If Your Inground Pool Smells Like Chlorine, You’re In Trouble!
11 Aug If Your Inground Pool Smells Like Chlorine, You’re In Trouble!
What are Chloramines?
Pool Chemistry and Swimming Pool Maintenance
We all know the smell: It harkens one back to their youth at the local swim center or YMCA. The pungent smell of an “overchlorinated” pool. Additionally, one remembers burning eyes, itchy skin, and crunchy hair. What most people fail to understand, unfortunately, is that this situation is not an “overchlorinated” pool, but one that is actually devoid of active chlorine. This post by About Home explains this dangerous situation which is a very common misconception about how swimming pool chemistry works.
Here is an excerpt from the post:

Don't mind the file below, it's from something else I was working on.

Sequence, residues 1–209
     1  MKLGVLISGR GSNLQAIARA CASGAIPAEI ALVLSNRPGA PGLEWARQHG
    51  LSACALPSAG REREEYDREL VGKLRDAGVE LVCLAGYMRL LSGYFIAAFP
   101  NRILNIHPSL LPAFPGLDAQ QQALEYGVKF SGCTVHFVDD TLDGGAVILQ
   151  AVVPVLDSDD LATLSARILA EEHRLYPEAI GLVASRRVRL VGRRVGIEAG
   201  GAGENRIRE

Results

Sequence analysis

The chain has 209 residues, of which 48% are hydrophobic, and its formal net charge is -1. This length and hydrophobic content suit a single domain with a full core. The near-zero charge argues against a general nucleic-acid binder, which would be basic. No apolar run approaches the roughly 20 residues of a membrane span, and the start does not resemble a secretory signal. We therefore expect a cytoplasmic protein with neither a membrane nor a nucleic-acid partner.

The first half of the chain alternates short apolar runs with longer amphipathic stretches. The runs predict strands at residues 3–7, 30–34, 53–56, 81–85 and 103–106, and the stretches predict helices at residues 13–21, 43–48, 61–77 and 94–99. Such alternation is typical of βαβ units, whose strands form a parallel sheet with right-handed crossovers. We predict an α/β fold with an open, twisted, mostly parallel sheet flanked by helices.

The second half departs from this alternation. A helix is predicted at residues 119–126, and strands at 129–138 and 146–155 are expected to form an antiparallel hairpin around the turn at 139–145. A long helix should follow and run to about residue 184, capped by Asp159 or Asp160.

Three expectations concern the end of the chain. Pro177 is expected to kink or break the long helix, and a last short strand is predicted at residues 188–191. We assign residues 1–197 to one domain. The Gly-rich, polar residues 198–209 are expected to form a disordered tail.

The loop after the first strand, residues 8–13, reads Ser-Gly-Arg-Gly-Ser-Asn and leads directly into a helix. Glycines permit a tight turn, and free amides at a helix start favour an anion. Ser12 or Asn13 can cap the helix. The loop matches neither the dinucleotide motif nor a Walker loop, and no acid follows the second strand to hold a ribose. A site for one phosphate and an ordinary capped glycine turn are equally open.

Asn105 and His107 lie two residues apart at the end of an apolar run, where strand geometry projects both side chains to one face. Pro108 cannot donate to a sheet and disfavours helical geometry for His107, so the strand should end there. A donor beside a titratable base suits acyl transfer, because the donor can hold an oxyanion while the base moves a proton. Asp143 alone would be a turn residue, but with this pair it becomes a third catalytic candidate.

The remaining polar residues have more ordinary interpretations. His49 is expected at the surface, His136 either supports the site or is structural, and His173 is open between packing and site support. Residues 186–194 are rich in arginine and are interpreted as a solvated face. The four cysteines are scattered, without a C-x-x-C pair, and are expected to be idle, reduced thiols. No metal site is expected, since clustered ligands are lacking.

The Chlorine and Ammonia Connection
A chloramine, or the more commonly used chloramines is/are a combination of chlorine and ammonia. In swimming pool chemistry, chlorine likes to mix with other elements in the water. This makes chlorine an effective oxidizer of bacteria as it tries to combine with the bacteria, thus killing it. However, when ammonia is present in the pool water, chlorine and ammonia will combine together to form chloramines.
If you are a swimming pool or spa owner, it helps to know a little bit about pool chemistry, even if you hire a pool maintenance service to maintain and clean your pool.
A few basic facts about chloramines:
Chloramines are considered to be very weak cleaners (and weak oxidizers of bacteria) because the chlorine is locked up with the ammonia and is not readily available to kill bacteria.The term most frequently used is chlorine lock.
Click here to read the entire post